Indeed, dear A-G, I believe that was Einstein's expectation, who longed to "transmute the base wood" of material reality into the "pure marble of geometry." [My own thinking just seems naturally to gravitate towards Einstein's direction here....]
To which his friend Bohr timely replied: Science is about observation and articulation of what has been observed, period; it is not about explanation.
[That must hit the scientific community squarely between the eyes. But then, nobody else that I can think of stands to gain anything immediately from seeing the world in this way.]
If that is not a permanently standing "complementariety," I don't know what could be.
The paradox is: Somehow or other, both of these men have to be "right." The problem consists in "squaring" the two accounts.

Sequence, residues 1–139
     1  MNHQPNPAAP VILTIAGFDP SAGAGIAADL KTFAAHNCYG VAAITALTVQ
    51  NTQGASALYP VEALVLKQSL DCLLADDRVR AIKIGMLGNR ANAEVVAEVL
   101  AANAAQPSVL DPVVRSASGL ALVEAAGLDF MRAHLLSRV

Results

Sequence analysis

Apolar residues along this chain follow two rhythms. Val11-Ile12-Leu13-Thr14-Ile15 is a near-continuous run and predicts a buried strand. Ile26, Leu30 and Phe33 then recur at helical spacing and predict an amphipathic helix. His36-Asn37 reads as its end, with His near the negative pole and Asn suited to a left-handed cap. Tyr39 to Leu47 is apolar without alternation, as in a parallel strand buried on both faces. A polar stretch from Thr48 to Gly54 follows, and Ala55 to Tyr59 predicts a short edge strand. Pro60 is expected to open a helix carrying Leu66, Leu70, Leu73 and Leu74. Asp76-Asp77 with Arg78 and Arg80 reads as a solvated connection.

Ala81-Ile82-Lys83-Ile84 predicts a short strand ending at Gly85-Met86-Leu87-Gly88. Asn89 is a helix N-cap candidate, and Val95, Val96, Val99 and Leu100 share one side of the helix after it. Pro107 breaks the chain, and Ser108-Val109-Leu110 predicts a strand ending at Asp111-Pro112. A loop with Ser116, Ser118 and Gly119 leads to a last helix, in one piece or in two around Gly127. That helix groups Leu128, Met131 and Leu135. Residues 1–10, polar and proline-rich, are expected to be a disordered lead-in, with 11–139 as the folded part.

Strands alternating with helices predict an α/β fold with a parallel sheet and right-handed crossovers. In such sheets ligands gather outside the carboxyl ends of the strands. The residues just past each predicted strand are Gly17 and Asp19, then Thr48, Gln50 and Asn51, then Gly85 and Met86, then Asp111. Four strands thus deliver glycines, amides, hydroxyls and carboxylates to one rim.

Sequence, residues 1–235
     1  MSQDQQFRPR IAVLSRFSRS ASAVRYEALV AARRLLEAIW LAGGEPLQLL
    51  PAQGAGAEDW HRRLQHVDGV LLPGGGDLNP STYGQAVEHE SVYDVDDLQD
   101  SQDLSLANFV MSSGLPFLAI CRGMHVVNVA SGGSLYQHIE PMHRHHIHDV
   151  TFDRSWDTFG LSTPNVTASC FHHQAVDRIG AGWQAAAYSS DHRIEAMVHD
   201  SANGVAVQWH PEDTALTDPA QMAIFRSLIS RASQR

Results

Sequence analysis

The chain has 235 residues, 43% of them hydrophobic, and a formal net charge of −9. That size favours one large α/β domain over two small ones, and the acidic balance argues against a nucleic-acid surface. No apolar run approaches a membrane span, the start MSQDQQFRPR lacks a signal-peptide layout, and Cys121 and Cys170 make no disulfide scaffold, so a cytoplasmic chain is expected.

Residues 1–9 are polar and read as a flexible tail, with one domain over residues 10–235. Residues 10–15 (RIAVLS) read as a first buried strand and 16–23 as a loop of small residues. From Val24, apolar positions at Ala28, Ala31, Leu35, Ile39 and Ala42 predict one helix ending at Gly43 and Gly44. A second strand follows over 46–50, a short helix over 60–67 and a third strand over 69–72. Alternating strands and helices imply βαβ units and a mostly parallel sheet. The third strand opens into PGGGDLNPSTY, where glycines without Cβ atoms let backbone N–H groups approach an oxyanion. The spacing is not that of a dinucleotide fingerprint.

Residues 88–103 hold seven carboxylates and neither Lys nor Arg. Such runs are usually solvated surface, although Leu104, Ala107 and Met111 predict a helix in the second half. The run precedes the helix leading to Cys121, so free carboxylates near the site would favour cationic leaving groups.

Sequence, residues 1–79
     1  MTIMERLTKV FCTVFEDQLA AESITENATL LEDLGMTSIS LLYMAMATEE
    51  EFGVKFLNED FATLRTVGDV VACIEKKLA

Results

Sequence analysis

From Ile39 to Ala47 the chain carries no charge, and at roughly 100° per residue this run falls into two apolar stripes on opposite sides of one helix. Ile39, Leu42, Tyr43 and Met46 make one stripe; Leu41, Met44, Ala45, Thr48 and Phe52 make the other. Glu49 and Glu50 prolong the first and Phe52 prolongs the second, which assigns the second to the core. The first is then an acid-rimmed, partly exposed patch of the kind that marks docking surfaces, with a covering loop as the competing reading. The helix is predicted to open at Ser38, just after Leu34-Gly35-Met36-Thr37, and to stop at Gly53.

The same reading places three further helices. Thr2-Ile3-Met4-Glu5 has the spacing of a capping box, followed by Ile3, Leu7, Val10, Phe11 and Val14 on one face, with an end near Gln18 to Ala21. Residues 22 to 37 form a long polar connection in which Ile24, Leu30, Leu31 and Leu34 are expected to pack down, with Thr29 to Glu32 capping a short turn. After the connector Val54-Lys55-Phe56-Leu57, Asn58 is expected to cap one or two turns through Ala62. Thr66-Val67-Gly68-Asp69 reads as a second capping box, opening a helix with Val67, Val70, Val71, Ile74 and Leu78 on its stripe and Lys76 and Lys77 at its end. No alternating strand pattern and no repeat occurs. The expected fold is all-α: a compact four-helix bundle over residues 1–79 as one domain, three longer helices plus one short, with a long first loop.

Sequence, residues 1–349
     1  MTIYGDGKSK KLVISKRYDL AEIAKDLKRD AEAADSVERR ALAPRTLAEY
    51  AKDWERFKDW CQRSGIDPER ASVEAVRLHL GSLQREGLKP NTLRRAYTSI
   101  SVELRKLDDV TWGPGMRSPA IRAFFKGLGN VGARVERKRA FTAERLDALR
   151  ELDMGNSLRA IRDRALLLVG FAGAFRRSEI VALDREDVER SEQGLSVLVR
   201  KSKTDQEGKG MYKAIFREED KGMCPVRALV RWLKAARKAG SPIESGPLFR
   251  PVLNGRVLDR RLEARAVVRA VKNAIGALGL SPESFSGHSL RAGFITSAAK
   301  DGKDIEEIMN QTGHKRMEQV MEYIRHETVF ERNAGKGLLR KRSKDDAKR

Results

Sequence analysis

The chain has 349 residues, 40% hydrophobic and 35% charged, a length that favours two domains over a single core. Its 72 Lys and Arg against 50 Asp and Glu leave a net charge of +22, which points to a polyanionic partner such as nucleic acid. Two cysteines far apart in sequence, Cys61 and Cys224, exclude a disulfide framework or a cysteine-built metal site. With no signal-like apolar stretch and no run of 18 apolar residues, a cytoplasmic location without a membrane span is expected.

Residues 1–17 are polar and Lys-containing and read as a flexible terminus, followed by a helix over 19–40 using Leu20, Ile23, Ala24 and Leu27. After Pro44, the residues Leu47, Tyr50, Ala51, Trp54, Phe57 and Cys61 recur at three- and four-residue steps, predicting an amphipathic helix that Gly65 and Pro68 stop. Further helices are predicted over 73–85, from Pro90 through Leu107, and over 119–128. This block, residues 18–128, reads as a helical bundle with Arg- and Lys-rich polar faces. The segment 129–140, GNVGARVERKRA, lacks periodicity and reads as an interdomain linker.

Which raises the issue of how competent science is (methodological naturalism) to give a full account of the total reality that we humans all experience together. And if there is "incompetence" in any way, what is to supply the deficit in reliable knowledge?
Or so the problem seems to me, at the present state of my humble researches into "the observer problem."
Seems to me that some scientists today take the "observation and articulation of what has been observed" (to quote Bohr) under methodological naturalism - and then promptly turn around and present it as "explanation".
That would be like removing the leg of man, subjecting it to rigorous research and then turning around and declaring that the observations made on the leg explain the whole man.
Nature is but a part of "all that there is."